Gold Silver Bronze
1974 Hamilton  Peter Commette (USA)  Norman Freeman (USA)  Chris Boome (USA)
1976 Kiel  John Bertrand (USA)  Barry Thom (NZL)  Ed Adams (USA)
1977 Cabo Frío  John Bertrand (USA)  Peter Commette (USA)  Mark Neeleman (NED)
1979 Perth  Lasse Hjortnæs (DEN)  Peter Conde (AUS)  Andrew Menkart (USA)
1980 Kingston  Ed Baird (USA)  Jose Barcel Dias (BRA)  John Cutler (NZL)
1982 Sardinia  Terry Neilson (CAN)  Andrew Roy (CAN)  Mark Brink (USA)
1983 Gulfport  Oscar Paulich (NED)  Per Arne Nilson (NOR)  Asbjörn Arnkvaern (SWE)
1985 Halmstad  Lawrence Crispin (GBR)  Andreas John (GER)  Benny Andersen (DEN)
1987 Melbourne  Stuart Wallace (AUS)  Gunni Pedersen (DEN)  Peter Tanscheit (BRA)
1988 Falmouth  Glenn Bourke (AUS)  Benny Andersen (DEN)  Peter Fox (NZL)
1989 Aarhus  Glenn Bourke (AUS)  Wouter Duetz (NED)  Scott Ellis (AUS)
1990 Newport  Glenn Bourke (AUS)  Steven Bourdow (USA)  Peter Tanscheit (BRA)
1991 Porto Carras  Peter Tanscheit (BRA)  Stefan Warkalla (GER)  Mladen Makjanić (CRO)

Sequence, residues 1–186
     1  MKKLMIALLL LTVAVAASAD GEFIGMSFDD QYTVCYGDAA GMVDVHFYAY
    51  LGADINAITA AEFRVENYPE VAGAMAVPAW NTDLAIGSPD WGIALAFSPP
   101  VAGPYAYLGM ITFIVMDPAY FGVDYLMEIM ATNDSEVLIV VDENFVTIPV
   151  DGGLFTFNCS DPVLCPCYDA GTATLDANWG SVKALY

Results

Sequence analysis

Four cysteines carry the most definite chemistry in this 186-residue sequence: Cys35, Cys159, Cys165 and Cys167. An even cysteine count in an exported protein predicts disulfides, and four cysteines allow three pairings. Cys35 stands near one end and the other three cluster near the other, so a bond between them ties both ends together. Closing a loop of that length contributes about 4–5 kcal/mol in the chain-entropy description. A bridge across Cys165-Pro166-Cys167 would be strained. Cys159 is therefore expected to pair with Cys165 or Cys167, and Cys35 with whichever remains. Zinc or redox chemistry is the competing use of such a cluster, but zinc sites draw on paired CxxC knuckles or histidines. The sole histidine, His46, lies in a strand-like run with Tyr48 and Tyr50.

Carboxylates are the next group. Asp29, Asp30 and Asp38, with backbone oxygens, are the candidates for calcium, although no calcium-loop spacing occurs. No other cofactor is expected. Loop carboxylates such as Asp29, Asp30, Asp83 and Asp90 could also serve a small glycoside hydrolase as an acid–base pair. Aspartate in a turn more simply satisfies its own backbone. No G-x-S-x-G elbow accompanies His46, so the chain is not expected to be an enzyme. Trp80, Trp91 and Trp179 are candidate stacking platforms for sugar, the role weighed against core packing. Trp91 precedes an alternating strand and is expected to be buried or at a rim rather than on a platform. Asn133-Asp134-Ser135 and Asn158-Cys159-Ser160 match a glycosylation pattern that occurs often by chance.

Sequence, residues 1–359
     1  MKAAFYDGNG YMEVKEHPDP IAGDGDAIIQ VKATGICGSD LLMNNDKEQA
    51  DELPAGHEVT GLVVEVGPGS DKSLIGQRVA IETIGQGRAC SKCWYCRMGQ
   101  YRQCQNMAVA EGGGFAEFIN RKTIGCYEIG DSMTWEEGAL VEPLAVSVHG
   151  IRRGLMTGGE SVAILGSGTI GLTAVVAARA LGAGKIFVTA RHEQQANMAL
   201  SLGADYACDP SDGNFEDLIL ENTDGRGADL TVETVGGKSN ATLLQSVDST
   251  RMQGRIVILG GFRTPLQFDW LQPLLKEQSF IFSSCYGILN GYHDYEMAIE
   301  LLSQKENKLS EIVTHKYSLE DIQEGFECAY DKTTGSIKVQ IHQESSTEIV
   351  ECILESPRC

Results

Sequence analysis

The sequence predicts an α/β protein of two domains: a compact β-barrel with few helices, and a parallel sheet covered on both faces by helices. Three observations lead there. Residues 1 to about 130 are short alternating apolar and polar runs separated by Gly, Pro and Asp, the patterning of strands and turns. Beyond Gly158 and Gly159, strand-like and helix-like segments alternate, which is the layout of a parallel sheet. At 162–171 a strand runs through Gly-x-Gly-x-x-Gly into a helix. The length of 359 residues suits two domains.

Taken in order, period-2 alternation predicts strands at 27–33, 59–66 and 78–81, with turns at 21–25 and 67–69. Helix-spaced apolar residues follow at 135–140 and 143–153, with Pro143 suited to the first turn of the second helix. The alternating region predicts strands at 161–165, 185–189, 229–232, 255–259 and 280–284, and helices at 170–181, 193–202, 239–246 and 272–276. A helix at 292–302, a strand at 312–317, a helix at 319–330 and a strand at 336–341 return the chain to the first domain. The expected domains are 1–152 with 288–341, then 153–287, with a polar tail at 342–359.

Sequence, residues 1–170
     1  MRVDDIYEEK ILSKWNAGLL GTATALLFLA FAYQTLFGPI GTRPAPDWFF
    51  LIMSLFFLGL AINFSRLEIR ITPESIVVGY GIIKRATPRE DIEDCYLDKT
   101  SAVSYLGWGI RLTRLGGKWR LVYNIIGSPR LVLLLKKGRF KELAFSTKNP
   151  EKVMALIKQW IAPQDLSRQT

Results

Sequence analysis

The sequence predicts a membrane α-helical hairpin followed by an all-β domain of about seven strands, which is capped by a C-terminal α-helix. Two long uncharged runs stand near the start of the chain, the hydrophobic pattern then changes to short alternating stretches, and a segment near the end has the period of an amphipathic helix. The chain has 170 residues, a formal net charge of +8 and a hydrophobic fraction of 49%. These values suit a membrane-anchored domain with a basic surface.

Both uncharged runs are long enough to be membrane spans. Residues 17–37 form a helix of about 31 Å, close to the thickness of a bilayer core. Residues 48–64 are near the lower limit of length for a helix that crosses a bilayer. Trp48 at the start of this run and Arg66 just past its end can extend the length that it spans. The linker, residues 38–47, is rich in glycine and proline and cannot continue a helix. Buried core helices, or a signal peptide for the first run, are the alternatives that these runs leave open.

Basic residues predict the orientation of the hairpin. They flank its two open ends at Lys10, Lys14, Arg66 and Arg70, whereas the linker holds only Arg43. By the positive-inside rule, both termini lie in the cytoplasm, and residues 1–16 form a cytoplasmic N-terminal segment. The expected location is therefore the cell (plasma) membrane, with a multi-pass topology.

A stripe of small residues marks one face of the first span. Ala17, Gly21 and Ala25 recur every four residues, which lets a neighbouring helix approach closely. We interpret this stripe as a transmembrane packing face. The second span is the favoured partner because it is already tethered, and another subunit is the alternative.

1993 Takapuna  Thomas Johanson (FIN)  Peter Tanscheit (BRA)  Robert Scheidt (BRA)
1994 Wakayama  Nikolas Burfoot (NZL)  Pascal Lacoste (FRA)  Serge Kats (NED)
1995 Tenerife  Robert Scheidt (BRA)  Nik Burfoot (NZL)  Eivind Melleby (NOR)
1996 Simon's Town  Robert Scheidt (BRA)  Karl Suneson (SWE)  Ben Ainslie (GBR)
1997 Algarrobo  Robert Scheidt (BRA)  Nik Burfoot (NZL)  Ben Ainslie (GBR)
1998 Dubai[5]
 Ben Ainslie (GBR)  Michael Blackburn (AUS)  Daniel Birgmark (SWE)
1999 Melbourne  Ben Ainslie (GBR)  Robert Scheidt (BRA)  Karl Suneson (SWE)
2000 Cancún
 Robert Scheidt (BRA)  Michael Blackburn (AUS)  Ben Ainslie (GBR)
2001 Cork
 Robert Scheidt (BRA)  Gustavo Lima (POR)  Peer Moberg (NOR)
2002 Hyannis
 Robert Scheidt (BRA)  Karl Suneson (SWE)  Paul Goodison (GBR)
2003 Cádiz
 Gustavo Lima (POR)  Robert Scheidt (BRA)  Michael Blackburn (AUS)
2004 Bitez
 Robert Scheidt (BRA)  Mark Mendelblatt (USA)  Michael Blackburn (AUS)
2005 Fortaleza
 Robert Scheidt (BRA)  Vasilij Žbogar (SLO)  Diego Romero (ARG)
2006 Jeju
 Michael Blackburn (AUS)  Tom Slingsby (AUS)  Rasmus Myrgren (SWE)
2007 Cascais
 Tom Slingsby (AUS)  Andrew Murdoch (NZL)  Deniss Karpak (EST)
2008 Terrigal
 Tom Slingsby (AUS)  Julio Alsogaray (ARG)  Javier Hernández (ESP)
2009 Halifax
 Paul Goodison (GBR)  Michael Bullot (NZL)  Nick Thompson (GBR)
2010 Hayling Island
 Tom Slingsby (AUS)  Nick Thompson (GBR)  Andrew Murdoch (NZL)
2011 Perth
 Tom Slingsby (AUS)  Nick Thompson (GBR)  Andrew Murdoch (NZL)
2012 Boltenhagen
 Tom Slingsby (AUS)  Tonči Stipanović (CRO)  Andrew Murdoch (NZL)
2013 Al Musannah
 Robert Scheidt (BRA)  Pavlos Kontides (CYP)  Philipp Buhl (GER)